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  Topic Review (Newest First)
12-27-2009 11:36 AM
E-Loc540
Quote:
Originally Posted by 02r1jas View Post
I am uk, thats 180-200 degrees centigrade, forgot you guys use farenheit
Oh ok I was wondering that. lol. Heres a good buddy of mine that owns his own custom ceramic/powder coating business in Fredericksburg, VA. He coated everything on my custom CRF250 street legal stunt supermotard. Yes the gas tank is powdercoated (not a drip of paint) I watched him do the whole thing.




12-27-2009 09:56 AM
02r1jas
Quote:
Originally Posted by E-Loc540 View Post
First off you can easily remove & re-install the bearings and second I dont know what powder you use that cures only at 180-200. 375-400 is the norm. You can go down to 300 sometimes but you have to bake it for a long time.
I am uk, thats 180-200 degrees centigrade, forgot you guys use farenheit
12-25-2009 05:01 PM
E-Loc540
Quote:
Originally Posted by 02r1jas View Post
hi there, new to forum. I am a powder coater and sprayer. I have powdercoated and wet painted wheels for lots of bikes including my own.

I would always say have them powdercoated unless you are wanting a specific colour match to go with a paintjob on your bike.

My SP1 (which at the moment I am painting in rothmans colours) I will powdercoat the wheels white.

Powdercoat should always stick to the surface metal if correctly prepared. It is either acid etch primed or chemical washed/coated in a phosphate machine. Powder coat is much harder than 2k and 1k paints

My r1 however I used basecoat and clear on the wheels as the bodywork had a custom blue and candy red colours so getting a powder to match would have been.......tricky!

If you choose powdercoat, you will also have to replace the bearings as 180-200 degrees is not good for them.
First off you can easily remove & re-install the bearings and second I dont know what powder you use that cures only at 180-200. 375-400 is the norm. You can go down to 300 sometimes but you have to bake it for a long time.
12-20-2009 04:13 PM
Pete McCrary
Thanks 02r1jas

Right now it looks like I'm going to go with a really good urethane paint job. I helped out one of riding buddies when he was laid up for several months after having a flat front tire and center punching a utility pole. Screwed up his back big time.

He runs the body shop at a Chevrolet dealership so he knows his stuff.

If you were doing a urethane paint job, would you recommend striping the wheels first? What method or chemicals or whatever would you use?
12-20-2009 05:54 AM
02r1jas hi there, new to forum. I am a powder coater and sprayer. I have powdercoated and wet painted wheels for lots of bikes including my own.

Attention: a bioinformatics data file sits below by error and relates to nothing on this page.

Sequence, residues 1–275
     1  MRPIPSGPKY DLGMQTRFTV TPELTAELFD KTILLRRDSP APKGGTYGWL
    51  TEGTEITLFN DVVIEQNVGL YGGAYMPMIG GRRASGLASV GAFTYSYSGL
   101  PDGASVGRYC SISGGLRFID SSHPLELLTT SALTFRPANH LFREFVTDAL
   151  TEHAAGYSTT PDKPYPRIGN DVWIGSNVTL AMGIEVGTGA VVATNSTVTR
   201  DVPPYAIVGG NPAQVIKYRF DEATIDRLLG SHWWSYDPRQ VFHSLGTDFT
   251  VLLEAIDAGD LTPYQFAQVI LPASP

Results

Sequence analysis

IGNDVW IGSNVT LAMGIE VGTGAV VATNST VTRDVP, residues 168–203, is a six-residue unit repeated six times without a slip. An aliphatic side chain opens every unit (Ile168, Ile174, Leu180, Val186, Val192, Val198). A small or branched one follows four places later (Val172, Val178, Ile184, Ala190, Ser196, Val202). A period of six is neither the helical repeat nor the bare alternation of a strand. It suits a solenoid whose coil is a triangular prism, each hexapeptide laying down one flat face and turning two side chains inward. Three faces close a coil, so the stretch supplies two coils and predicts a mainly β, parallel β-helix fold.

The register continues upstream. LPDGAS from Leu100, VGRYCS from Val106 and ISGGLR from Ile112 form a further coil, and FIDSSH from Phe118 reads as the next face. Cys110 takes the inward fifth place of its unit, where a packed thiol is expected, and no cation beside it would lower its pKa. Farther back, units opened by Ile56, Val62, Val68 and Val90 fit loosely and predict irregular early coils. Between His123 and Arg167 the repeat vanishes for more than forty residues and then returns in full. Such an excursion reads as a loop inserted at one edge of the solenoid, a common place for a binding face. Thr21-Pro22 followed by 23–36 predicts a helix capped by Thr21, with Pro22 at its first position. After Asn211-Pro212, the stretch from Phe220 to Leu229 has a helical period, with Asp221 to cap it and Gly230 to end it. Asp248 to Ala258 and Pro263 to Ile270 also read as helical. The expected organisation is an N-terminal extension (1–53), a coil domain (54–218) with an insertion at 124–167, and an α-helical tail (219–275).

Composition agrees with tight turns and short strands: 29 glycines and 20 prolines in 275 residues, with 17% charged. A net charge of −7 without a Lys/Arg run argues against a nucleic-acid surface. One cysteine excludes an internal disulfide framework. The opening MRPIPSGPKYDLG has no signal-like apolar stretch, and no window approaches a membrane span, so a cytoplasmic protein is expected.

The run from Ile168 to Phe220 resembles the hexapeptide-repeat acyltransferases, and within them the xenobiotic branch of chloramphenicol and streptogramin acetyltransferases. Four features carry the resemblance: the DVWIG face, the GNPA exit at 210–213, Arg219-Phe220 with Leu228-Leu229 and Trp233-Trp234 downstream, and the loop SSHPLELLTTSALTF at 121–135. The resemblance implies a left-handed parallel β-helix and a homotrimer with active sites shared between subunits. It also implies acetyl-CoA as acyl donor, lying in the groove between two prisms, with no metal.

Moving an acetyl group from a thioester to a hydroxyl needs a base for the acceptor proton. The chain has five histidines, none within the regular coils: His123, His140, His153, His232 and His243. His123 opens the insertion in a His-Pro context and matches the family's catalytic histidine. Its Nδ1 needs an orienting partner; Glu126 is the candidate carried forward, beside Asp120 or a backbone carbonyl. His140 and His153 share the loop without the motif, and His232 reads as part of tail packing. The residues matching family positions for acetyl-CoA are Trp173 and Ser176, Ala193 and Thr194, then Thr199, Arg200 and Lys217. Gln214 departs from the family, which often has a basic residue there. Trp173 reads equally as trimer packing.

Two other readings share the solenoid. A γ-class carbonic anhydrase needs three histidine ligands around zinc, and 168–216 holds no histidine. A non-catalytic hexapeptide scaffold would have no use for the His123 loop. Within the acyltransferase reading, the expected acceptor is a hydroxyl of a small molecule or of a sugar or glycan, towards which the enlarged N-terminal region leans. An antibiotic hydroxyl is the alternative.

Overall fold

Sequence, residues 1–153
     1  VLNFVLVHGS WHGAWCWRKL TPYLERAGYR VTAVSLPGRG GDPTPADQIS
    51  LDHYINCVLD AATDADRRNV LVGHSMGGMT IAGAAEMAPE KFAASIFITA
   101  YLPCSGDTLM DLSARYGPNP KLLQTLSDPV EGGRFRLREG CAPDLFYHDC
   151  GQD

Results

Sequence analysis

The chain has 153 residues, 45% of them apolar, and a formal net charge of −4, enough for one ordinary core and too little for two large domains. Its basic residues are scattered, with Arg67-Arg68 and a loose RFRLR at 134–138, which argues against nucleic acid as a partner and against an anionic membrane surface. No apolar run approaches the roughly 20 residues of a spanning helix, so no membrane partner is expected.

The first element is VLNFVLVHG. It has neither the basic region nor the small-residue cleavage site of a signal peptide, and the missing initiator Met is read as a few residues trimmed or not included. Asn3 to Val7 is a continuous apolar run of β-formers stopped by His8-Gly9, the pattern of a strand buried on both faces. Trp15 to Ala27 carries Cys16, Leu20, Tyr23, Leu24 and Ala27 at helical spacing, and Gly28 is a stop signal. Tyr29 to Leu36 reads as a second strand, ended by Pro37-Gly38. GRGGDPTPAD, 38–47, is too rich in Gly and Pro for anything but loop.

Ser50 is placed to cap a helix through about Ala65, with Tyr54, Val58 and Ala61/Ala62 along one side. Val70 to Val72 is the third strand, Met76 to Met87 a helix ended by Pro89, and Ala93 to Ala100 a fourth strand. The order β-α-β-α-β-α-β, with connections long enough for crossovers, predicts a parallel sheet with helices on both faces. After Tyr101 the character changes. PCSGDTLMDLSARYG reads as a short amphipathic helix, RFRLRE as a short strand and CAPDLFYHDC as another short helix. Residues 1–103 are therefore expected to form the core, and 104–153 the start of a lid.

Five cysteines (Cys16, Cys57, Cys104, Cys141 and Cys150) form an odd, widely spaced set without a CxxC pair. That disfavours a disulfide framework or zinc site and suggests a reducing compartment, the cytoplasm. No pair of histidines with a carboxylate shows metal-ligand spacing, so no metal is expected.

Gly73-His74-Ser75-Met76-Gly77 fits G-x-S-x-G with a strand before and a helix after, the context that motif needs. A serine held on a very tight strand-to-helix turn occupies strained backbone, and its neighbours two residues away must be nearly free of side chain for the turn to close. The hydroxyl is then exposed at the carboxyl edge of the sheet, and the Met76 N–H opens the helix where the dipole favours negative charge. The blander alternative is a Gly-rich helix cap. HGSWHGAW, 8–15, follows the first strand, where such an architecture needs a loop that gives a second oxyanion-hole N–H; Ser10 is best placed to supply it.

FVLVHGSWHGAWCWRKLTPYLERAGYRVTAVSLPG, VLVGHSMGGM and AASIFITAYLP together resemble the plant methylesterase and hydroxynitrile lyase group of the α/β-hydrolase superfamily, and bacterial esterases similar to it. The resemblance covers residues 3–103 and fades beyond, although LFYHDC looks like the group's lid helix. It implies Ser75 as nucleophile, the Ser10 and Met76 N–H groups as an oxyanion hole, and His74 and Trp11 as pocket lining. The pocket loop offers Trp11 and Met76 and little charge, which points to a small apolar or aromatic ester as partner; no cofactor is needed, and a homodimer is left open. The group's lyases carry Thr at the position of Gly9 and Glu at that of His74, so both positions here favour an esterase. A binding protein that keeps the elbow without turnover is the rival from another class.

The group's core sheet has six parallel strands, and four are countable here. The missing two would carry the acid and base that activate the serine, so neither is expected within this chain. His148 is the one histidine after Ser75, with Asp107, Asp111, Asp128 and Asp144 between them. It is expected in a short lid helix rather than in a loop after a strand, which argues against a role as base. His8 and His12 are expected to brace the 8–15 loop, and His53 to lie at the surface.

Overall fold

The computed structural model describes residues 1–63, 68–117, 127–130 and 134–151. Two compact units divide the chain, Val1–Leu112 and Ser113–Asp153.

I would always say have them powdercoated unless you are wanting a specific colour match to go with a paintjob on your bike.

My SP1 (which at the moment I am painting in rothmans colours) I will powdercoat the wheels white.

Powdercoat should always stick to the surface metal if correctly prepared. It is either acid etch primed or chemical washed/coated in a phosphate machine. Powder coat is much harder than 2k and 1k paints

My r1 however I used basecoat and clear on the wheels as the bodywork had a custom blue and candy red colours so getting a powder to match would have been.......tricky!

If you choose powdercoat, you will also have to replace the bearings as 180-200 degrees is not good for them.
12-09-2009 12:32 PM
Pete McCrary
Quote:
Originally Posted by Iceman_JD View Post
Powder coating is good but it is prone to chipping. I'm talking about tire changes which are hard on the edges of the wheel no matter what method you use.
I've heard the same thing. That's why my body shop man is trying to steer me in the direction of a really good urethane paint job with a good urethane primer underneath and then clear coat on top of the color.
12-09-2009 11:19 AM
Iceman_JD Powder coating is good but it is prone to chipping. I'm talking about tire changes which are hard on the edges of the wheel no matter what method you use.
12-08-2009 06:23 PM
Pete McCrary
Painting wheels

What's the preference/ins & outs of painting wheels? Powder coating, a really good urethane paint job with clear coat, etc.

If I decide to go the powder coat route, who does quality work? I'd rather pay a little extra and get job that looks good and will last. I've had some stuff powder coated in the past and it looked like crap (but it was cheap!).

All opinions, input, myths, facts, etc welcome.

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